- Craig Carter offers a post In Praise of the Lecture, arguing that the lecture is a moral event, a personal act, and a tribute to metaphysical truth. HT
Today, the lecture is out of favor in politically-correct circles. Like dead white males, high academic standards and absolute truth, it has been consigned to the dustbin of history by enlightened, late-modern, progressives who do not quite believe that God grades on the curve, but who do hold it against Him that He does not.
To all Christians and other lovers of Lewis I would say this—- please during this Christmas season come out and support this film, not least so we may see more of Narnia in the future. This is certainly a film appropriate for families to see, though a couple of the scenes in 3D with the big sea monster may be a little too intense for wee bairns as small as Reepicheep. Be that as it may, we must say— Well done good and faithful servants at Walden. Inherit the Kingdom yourselves.
- Andy Crouch comments on the desire for “authenticity” in church and society and the ways we try to manufacture and “franchise” it. HT
But our longing for “authenticity” also bears a suspicious resemblance to the latest plot twist in the story of consumer culture: the tendency to rapidly replace the squeaky-clean franchise with the “authentic” franchise.
- David Briggs asks if time spent online is cutting into the clergy’s prayer time.
Hearing what he called “the still, small voice of love” amid the cacophony of secular voices calling for attention needs special effort: “It requires solitude, silence and a strong determination to listen.” The Internet has not made the spiritual life any easier.
- The latest issue of Themelios is out with its usual wealth of articles and book reviews.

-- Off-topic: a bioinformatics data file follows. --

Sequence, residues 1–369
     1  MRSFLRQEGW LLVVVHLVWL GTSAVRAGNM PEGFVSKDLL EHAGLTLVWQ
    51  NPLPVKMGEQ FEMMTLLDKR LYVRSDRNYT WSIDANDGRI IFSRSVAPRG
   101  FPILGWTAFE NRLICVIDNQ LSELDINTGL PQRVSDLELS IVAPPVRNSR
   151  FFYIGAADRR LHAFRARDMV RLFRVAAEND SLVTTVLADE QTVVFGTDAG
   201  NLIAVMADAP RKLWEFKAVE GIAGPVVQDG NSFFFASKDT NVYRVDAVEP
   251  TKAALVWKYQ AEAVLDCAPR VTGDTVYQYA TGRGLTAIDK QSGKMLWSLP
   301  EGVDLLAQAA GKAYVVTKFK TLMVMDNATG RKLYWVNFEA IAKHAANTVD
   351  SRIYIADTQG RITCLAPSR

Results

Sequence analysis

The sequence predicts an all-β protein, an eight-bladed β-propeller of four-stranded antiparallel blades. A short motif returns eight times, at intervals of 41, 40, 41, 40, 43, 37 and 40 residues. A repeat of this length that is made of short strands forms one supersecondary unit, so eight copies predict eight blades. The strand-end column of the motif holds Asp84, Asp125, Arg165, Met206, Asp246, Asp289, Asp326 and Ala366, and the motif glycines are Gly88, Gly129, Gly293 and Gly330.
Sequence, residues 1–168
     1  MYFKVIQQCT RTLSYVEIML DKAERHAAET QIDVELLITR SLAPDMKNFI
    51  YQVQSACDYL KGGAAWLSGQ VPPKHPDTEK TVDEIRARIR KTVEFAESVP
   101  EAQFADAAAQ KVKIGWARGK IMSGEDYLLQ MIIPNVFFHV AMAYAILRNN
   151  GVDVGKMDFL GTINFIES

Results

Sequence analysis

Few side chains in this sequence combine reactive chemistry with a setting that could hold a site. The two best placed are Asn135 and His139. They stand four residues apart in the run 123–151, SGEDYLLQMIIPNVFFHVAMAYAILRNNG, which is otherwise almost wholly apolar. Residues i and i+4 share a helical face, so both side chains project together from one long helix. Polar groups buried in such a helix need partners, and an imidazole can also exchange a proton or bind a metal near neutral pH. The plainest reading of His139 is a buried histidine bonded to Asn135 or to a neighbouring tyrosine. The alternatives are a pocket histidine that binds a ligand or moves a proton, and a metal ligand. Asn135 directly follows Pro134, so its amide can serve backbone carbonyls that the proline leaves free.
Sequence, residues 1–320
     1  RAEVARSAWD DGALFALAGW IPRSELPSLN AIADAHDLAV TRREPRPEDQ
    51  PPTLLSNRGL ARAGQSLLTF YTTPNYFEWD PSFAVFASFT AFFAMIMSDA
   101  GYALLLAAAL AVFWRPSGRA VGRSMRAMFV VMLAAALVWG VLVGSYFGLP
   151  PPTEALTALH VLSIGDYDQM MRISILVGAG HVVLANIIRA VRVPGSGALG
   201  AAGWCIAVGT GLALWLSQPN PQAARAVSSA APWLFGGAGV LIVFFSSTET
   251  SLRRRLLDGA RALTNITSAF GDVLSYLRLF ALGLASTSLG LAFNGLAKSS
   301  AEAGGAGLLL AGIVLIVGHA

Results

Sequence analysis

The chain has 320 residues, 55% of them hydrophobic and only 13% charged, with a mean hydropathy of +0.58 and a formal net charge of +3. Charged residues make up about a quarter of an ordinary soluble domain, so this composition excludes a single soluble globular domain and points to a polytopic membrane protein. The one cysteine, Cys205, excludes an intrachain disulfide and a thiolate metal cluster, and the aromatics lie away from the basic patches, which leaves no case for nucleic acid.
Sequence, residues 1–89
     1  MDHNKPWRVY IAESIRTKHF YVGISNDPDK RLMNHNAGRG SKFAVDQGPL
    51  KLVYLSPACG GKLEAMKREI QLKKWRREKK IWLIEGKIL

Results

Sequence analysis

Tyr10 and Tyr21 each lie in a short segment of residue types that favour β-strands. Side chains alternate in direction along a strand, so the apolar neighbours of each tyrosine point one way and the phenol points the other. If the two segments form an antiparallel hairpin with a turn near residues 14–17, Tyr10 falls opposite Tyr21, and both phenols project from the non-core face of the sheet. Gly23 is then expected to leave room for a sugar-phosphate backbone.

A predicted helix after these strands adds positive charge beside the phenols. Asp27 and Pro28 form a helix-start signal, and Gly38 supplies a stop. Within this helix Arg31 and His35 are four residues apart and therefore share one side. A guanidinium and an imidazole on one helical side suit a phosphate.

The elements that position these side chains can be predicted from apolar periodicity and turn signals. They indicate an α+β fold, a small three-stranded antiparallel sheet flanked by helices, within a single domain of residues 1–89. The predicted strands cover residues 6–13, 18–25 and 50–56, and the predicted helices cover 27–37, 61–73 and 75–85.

- And, here’s a list of the Top 10 Unnecessary Sequels.
- William Black reflects on his experience of teaching systematic theology in Africa.
The theology that is taught in almost all theological institutions around here is an ill-fitting version of Christianity that simply does not work here. The Christianity that results is not transforming lives or churches or communities or cultures or nations. In that sense, rather than reflecting what is happening theologically, these Western theologies may actually be erecting barriers preventing people here from experiencing the transforming power of the risen Christ.
- Louis McBride comments on the incarnation as an analogy for understanding inerrancy. Citing Kevin Vanhoozer,
“I cannot help thinking that the incarnational analogy may be more trouble than it is worth. Chalcedon was designed to clarify the being of Jesus Christ, not Scripture. Please do not misunderstand: there is nothing wrong with Chalcedon, just as there was nothing wrong with the paper clip I used so cleverly in my skateboard to replace a screw. However, that improvisation ended with a broken arm. I wonder, then, about the wisdom of using language formulated for one truth to express another.”
- Scott Bailey argues that David’s “naked dancing” is not normative for modern worship.
Here’s our context: they are bringing the ark to the house of Obed-edom, the future site of the Temple, and they are sacrificing. The context is cultic. The modern correlation to worship (i.e., singing) is false.
- Joel Watts offers some thoughts on different views of the atonement.
- I forgot to mention earlier, but James McGrath has posted a link to what looks like a really useful set of resources from the Wabash Center for evaluating online resources. If you’re a teacher or student, check these out.
- Brian LePort would like some help figuring out if he’s human. At least, that’s what I think he’s asking for.
- Koinonia is giving away two copies of Four Views on Moving Beyond the Bible to Theology.
- And, Mashable points out a recent study by Facebook which suggests a very strong correlation between Facebook popularity and recent election results.